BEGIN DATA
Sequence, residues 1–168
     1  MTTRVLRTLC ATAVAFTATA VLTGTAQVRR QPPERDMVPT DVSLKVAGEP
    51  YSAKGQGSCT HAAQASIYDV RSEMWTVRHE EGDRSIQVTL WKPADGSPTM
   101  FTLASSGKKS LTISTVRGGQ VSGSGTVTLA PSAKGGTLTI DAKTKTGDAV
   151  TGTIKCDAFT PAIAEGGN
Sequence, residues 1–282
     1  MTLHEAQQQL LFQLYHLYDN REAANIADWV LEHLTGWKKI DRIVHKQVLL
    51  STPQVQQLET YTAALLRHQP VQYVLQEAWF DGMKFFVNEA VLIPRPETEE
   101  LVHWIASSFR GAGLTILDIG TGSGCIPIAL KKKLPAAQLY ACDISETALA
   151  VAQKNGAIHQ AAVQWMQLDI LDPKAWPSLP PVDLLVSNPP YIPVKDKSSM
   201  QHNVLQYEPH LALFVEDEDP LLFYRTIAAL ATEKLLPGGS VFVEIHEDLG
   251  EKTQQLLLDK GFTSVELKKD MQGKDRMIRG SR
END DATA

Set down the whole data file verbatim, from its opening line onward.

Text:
Sequence, residues 1–168
     1  MTTRVLRTLC ATAVAFTATA VLTGTAQVRR QPPERDMVPT DVSLKVAGEP
    51  YSAKGQGSCT HAAQASIYDV RSEMWTVRHE EGDRSIQVTL WKPADGSPTM
   101  FTLASSGKKS LTISTVRGGQ VSGSGTVTLA PSAKGGTLTI DAKTKTGDAV
   151  TGTIKCDAFT PAIAEGGN
Sequence, residues 1–282
     1  MTLHEAQQQL LFQLYHLYDN REAANIADWV LEHLTGWKKI DRIVHKQVLL
    51  STPQVQQLET YTAALLRHQP VQYVLQEAWF DGMKFFVNEA VLIPRPETEE
   101  LVHWIASSFR GAGLTILDIG TGSGCIPIAL KKKLPAAQLY ACDISETALA
   151  VAQKNGAIHQ AAVQWMQLDI LDPKAWPSLP PVDLLVSNPP YIPVKDKSSM
   201  QHNVLQYEPH LALFVEDEDP LLFYRTIAAL ATEKLLPGGS VFVEIHEDLG
   251  EKTQQLLLDK GFTSVELKKD MQGKDRMIRG SR